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Know Your Brake Wear

brake wear 1 - Know Your Brake Wear

Brake systems, like tires, should wear evenly at all times. Unfortunately, this doesn’t always happen. So if your vehicle is experiencing brake wear, and you want to know how to address it, this article is for you. 

Even Wear

brake wear 2 - Know Your Brake Wear

The first type of brake wear is even worn. This happens when your brake systems are operating normally and evenly. If you see your brake pads are wearing out evenly, you don’t have to worry about anything in the near future. However, if your brake pads have worn thin, you may need to replace them soon. 

Inner Pad Wear

This happens when the inboard pad shows more wear than the outboard pad. This can be caused by worn caliper pistons not allowing the piston to return to its resting position, seized up caliper guide pins and bushings, pads seized in slides, damaged or corroded pistons, or other problems with the master cylinder.

You can address this problem by inspecting the hydraulic brake system for residual brake pressure, servicing or replacing the caliper guide pins and bushings, or by lubricating the caliper slides. Of course, you may also want to replace the brake pads with new ones.

Outer Pad Wear

This is the inverse of the inner pad wear. Outer pad wear can be caused by the outer pad continuing to ride on the rotor even after the caliper has been released, when the caliper guide pins and bushings are seized, or when the pads get seized inside the slides.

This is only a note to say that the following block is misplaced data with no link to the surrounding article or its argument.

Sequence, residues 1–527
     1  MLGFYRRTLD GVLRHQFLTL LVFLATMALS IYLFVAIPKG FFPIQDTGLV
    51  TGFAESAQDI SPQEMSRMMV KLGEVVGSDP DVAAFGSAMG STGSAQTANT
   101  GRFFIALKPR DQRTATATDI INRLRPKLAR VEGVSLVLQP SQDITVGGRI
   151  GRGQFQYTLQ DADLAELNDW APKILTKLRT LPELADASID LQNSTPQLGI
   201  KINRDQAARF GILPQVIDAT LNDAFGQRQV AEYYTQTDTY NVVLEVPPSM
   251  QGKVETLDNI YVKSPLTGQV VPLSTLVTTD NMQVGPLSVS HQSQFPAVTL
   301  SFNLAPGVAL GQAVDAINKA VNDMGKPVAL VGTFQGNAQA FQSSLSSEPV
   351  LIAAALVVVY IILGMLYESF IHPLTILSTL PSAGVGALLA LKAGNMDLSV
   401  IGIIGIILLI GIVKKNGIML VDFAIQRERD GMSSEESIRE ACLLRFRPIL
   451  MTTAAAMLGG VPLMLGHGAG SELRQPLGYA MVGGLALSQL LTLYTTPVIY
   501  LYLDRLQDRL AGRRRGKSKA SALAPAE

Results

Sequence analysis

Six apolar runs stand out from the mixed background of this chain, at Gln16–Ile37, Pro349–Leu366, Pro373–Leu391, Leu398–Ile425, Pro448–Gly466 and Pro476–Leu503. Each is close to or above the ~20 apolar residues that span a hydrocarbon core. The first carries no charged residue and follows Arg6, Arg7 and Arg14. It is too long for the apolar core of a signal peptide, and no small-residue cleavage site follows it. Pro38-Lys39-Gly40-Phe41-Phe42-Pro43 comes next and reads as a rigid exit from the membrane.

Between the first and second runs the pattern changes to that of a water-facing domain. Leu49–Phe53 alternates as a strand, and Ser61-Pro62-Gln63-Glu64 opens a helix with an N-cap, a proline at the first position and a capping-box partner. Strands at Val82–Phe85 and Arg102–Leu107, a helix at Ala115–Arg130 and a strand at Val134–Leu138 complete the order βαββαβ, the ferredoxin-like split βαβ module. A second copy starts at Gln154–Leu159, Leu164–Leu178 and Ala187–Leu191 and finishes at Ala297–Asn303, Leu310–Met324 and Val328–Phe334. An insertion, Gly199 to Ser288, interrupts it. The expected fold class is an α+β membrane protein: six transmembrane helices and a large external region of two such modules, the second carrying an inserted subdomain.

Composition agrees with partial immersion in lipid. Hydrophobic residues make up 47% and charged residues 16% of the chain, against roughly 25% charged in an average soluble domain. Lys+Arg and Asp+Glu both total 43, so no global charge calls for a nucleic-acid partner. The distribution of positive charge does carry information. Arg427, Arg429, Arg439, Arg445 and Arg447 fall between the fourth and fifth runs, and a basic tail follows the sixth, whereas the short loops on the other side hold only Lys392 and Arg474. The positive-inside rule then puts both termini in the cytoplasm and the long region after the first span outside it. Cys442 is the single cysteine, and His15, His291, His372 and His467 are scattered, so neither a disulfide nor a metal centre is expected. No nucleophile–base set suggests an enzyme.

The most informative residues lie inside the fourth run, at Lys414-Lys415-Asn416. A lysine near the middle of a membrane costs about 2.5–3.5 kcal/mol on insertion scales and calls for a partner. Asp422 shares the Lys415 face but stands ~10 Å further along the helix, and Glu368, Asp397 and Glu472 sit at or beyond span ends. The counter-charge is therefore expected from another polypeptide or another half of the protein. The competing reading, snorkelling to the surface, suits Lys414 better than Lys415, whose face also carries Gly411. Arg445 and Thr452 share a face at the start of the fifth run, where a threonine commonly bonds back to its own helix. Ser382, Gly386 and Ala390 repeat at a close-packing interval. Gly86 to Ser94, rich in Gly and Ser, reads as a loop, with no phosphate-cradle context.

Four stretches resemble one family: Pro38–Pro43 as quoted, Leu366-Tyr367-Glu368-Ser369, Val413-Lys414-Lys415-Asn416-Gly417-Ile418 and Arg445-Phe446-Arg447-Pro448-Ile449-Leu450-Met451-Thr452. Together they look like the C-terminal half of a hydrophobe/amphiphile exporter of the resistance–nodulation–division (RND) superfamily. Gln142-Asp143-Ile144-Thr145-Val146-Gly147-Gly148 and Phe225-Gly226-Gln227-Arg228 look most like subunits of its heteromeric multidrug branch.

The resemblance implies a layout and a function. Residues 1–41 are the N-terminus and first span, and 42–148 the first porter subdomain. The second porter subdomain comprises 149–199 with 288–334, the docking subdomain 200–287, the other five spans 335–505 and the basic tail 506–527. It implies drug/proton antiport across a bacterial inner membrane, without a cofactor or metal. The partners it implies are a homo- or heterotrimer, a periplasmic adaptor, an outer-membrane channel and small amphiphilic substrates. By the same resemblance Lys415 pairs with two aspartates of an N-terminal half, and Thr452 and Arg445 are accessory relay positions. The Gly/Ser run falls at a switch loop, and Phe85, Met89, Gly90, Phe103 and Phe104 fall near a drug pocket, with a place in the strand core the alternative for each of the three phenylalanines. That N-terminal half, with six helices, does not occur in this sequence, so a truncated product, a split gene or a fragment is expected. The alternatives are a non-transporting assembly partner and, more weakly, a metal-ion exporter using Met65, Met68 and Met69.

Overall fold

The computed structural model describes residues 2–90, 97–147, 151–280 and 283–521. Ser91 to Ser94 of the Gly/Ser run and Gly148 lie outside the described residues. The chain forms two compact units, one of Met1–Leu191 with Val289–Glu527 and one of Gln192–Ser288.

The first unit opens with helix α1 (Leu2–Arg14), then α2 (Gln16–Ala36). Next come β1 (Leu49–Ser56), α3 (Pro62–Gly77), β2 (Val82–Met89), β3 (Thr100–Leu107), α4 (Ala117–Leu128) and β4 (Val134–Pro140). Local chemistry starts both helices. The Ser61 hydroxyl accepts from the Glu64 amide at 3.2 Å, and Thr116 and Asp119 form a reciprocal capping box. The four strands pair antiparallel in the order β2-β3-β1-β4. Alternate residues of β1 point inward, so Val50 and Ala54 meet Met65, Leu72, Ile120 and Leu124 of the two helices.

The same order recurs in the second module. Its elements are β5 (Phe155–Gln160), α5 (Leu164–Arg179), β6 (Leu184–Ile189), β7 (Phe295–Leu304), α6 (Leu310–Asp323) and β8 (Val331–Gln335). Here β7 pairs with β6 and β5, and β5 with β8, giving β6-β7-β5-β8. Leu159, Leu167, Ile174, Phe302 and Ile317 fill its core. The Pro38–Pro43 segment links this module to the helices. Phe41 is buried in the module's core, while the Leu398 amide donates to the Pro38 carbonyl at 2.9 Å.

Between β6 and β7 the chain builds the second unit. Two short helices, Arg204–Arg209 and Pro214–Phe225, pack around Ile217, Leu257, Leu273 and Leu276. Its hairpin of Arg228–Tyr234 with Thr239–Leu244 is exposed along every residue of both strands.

This problem can be addressed by servicing or replacing the caliper guide pins and bushings, lubricating the caliper slides, and inspecting the caliper for damaged guide pinholes. Replace the brake pads in order to complete the repairs. 

Tapered Pad Wear

brake wear 3 - Know Your Brake Wear

This type of pad wear can either be horizontal or vertical depending on the circumstances. A wedged pattern forms on the pad due to errors during the installation of the pads or when there is one guide pin or slide being seized up when braking.

This can be solved by servicing or replacing the caliper guide pins and bushings, servicing or lubricating the caliper slides, and inspecting the caliper for damage to the guide pinholes. Like the previous types of wear, replacing the brake pads is a necessary step. 

Cracked, Glazed, or Lifted Edges on the Pads

brake wear 4 - Know Your Brake Wear

This kind of wear happens when your brake pads get damaged by intense heat or usage of the brakes. This often happens when the brakes are overused, improperly broken in, or defective. Alternatively, this can happen when the hydraulic system has problems that prevent the release of pressure, or when the caliper is not releasing properly due to seized components. 

These can be fixed by performing the recommended break-in procedure, inspecting the caliper for damage, servicing caliper guide pins and bushings, lubricating caliper slides, inspecting the caliper for damage to the guide pin holes, re-evaluating your brake pad selection, and adjusting the parking brake. 

Overlapping Friction Material

Overlapping friction material happens when the top edge of the pad overlaps the top of the rotor. The wrong rotors or pads on the vehicle–or worn guide pins, calipers, or caliper brackets–are the most common causes for this type of wear. 

This can easily be solved by replacing the pads and properly inspecting the specific rotor measurements for your vehicle. 

brake kit - Know Your Brake Wear

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